"People share millions of photos and videos on Facebook every day. We know that this kind of sharing is particularly compelling because it's visual. That said, it also creates an easy opportunity for manipulation by bad actors," Facebook said in a blog post.
Edited photos and strong visuals were common among the posts by Russian agents attempting to interfere with the 2016 U.S. presidential election and other global elections, according to examples released by members of Congress.
Facebook has been ramping up fact-checking efforts and third-party human reviewers in recent months in an effort to protect future elections from foreign interference. The company has already detected what it called "coordinated inauthentic behavior" ahead of the midterm elections in November.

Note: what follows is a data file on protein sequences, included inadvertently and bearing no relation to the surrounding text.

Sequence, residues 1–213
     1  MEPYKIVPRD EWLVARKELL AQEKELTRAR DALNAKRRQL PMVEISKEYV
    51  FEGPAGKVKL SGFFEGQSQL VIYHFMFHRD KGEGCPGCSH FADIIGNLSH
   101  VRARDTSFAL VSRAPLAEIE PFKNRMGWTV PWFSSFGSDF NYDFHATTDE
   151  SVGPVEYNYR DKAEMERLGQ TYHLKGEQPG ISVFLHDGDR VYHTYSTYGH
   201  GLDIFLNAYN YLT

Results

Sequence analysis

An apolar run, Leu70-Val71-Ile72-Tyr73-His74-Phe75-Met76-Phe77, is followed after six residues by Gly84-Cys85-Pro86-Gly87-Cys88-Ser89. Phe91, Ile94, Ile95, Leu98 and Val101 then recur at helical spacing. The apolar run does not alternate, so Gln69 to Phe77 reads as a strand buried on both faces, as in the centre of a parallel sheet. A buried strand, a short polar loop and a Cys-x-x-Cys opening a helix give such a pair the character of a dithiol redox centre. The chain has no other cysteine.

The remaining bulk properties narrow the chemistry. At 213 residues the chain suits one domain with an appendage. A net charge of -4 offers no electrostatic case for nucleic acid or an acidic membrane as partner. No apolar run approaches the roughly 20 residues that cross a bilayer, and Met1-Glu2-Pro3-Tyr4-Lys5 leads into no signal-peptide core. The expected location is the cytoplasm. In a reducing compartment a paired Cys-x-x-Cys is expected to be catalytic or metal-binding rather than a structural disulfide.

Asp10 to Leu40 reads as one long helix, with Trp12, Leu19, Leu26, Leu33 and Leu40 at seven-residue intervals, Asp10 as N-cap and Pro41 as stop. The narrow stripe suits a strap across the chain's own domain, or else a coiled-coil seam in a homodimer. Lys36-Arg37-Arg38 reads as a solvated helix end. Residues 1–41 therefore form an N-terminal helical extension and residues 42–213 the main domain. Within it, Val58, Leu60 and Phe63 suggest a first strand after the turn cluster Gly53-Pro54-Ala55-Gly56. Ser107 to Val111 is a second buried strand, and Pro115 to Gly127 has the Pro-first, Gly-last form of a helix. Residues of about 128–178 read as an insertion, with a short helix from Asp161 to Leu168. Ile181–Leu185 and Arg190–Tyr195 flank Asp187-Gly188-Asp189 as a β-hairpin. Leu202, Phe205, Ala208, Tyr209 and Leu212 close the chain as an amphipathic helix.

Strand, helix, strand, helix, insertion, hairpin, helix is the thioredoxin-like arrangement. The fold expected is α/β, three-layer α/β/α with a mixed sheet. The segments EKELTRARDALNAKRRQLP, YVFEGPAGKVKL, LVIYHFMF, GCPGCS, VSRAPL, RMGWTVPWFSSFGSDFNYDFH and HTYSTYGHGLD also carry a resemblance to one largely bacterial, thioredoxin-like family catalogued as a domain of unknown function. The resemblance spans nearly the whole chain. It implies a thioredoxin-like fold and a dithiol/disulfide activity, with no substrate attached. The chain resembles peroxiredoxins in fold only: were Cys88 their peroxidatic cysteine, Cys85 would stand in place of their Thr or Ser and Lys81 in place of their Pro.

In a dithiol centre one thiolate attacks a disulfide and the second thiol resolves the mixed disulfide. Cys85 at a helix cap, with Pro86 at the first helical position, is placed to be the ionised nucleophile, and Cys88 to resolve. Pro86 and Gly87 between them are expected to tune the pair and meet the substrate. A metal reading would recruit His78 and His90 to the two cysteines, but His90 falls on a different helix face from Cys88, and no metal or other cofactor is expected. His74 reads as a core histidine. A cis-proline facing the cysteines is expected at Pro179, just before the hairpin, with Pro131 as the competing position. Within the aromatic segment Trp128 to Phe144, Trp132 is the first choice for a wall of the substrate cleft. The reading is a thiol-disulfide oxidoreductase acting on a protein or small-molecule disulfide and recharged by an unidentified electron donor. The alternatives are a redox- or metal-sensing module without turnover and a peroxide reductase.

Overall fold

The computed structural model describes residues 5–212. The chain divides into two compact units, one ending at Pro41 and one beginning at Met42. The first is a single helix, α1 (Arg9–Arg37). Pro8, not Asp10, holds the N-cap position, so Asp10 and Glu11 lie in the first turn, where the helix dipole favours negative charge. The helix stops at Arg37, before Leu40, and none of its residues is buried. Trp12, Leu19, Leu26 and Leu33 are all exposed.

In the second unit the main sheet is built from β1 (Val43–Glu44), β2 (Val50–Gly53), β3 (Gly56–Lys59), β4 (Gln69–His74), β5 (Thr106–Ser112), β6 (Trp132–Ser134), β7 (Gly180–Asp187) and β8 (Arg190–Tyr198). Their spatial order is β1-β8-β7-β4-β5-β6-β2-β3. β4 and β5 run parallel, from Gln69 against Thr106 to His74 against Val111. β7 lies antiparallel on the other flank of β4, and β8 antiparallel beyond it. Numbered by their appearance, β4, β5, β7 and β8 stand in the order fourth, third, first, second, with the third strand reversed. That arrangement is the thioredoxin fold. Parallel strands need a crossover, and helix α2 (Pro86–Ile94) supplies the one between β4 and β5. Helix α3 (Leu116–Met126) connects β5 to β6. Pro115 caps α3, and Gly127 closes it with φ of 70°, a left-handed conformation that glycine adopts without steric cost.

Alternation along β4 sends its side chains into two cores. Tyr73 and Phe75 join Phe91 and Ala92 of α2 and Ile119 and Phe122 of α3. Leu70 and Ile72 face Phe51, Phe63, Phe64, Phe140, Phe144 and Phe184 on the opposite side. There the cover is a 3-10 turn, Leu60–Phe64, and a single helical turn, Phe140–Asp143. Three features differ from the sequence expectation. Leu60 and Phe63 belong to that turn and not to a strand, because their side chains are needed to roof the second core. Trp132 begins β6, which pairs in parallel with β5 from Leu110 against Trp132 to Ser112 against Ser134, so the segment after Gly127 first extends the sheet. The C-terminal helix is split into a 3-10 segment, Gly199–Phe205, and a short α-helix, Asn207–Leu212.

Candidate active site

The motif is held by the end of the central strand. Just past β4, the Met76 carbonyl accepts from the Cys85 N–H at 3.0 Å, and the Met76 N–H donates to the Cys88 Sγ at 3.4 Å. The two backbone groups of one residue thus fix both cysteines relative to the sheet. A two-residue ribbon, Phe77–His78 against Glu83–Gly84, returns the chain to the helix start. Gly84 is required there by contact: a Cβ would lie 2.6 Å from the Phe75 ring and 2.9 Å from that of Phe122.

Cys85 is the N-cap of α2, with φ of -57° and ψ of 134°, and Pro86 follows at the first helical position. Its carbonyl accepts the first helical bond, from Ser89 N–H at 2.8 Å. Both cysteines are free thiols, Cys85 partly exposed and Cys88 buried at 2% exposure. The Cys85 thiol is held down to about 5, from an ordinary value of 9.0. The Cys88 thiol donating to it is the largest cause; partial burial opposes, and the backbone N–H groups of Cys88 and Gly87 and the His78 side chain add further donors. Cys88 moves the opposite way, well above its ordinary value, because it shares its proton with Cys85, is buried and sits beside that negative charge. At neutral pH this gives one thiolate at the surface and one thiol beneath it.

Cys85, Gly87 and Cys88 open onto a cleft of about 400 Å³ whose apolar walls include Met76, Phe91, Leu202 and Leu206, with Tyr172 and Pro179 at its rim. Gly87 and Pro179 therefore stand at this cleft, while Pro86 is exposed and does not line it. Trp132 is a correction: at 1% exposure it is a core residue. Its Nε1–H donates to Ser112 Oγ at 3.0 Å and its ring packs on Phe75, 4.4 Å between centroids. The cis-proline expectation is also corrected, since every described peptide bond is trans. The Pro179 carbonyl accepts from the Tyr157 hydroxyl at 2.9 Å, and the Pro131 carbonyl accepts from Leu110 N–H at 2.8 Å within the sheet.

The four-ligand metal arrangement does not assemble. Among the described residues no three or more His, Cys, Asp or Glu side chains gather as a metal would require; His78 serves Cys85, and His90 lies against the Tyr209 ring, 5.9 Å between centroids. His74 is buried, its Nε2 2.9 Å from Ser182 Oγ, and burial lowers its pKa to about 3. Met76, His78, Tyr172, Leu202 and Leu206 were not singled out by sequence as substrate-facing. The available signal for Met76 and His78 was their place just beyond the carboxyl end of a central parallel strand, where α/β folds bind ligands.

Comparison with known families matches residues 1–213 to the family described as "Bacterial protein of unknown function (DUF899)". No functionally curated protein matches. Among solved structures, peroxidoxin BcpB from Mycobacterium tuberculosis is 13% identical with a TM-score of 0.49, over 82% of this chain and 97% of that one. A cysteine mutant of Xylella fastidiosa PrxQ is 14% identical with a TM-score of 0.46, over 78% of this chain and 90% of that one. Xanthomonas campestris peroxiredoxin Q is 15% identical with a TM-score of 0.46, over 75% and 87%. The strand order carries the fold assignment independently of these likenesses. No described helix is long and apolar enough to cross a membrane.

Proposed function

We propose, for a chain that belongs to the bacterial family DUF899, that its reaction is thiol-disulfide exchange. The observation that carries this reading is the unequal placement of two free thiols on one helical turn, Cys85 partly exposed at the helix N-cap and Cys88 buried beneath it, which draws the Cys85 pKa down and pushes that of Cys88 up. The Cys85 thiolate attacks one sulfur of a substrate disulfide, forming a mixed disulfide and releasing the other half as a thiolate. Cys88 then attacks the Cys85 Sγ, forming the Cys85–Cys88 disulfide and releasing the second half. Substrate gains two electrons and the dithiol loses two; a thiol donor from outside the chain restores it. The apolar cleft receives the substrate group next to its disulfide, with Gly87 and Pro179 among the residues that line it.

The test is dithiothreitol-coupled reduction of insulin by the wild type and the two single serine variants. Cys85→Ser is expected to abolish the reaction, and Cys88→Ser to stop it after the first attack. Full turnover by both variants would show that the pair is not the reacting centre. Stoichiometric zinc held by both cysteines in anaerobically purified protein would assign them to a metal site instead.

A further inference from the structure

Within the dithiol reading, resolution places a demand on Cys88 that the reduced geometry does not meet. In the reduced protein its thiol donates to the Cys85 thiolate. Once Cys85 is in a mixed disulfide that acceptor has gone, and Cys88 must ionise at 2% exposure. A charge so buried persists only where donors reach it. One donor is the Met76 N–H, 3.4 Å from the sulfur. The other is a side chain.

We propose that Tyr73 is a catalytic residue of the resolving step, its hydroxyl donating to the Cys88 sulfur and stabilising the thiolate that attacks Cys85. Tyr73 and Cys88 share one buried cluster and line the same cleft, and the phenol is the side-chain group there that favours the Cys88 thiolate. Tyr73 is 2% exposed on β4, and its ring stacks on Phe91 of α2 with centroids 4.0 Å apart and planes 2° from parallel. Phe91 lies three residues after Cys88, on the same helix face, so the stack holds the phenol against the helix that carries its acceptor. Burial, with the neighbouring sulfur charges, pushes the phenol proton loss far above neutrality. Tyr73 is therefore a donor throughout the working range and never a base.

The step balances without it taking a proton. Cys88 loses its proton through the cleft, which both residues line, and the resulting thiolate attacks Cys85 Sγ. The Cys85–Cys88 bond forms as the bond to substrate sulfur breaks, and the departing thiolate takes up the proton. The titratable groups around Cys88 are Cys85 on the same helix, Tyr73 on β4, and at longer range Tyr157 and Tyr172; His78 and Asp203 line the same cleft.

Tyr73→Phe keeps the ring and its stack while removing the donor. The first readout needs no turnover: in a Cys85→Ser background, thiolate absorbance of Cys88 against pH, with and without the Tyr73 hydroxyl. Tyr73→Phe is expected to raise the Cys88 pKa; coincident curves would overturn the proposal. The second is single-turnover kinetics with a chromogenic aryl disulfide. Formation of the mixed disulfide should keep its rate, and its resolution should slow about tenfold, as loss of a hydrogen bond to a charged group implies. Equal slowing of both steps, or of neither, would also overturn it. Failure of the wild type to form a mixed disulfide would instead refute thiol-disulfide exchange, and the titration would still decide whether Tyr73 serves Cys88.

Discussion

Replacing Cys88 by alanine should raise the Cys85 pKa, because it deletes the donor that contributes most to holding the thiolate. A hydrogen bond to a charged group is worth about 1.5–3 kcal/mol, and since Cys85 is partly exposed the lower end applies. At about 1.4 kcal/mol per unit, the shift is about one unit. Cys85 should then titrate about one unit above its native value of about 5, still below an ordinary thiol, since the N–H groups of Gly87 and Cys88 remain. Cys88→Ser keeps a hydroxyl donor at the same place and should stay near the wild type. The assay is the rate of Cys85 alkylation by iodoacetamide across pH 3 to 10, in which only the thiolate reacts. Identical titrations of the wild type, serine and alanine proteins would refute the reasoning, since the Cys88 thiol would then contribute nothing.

"Many of our third-party fact-checking partners have expertise evaluating photos and videos and are trained in visual verification techniques, such as reverse image searching and analyzing image metadata, like when and where the photo or video was taken," Facebook said. "Fact-checkers are able to assess the truth or falsity of a photo or video by combining these skills with other journalistic practices, like using research from experts, academics or government agencies."
Facebook users can also flag photos or images for review.